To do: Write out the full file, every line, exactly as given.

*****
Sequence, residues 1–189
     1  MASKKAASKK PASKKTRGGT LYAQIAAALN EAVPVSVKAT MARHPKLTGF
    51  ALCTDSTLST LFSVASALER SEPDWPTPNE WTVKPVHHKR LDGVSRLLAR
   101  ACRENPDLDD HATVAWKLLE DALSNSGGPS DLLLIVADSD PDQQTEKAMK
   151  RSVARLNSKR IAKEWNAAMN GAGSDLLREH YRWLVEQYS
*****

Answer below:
Sequence, residues 1–189
     1  MASKKAASKK PASKKTRGGT LYAQIAAALN EAVPVSVKAT MARHPKLTGF
    51  ALCTDSTLST LFSVASALER SEPDWPTPNE WTVKPVHHKR LDGVSRLLAR
   101  ACRENPDLDD HATVAWKLLE DALSNSGGPS DLLLIVADSD PDQQTEKAMK
   151  RSVARLNSKR IAKEWNAAMN GAGSDLLREH YRWLVEQYS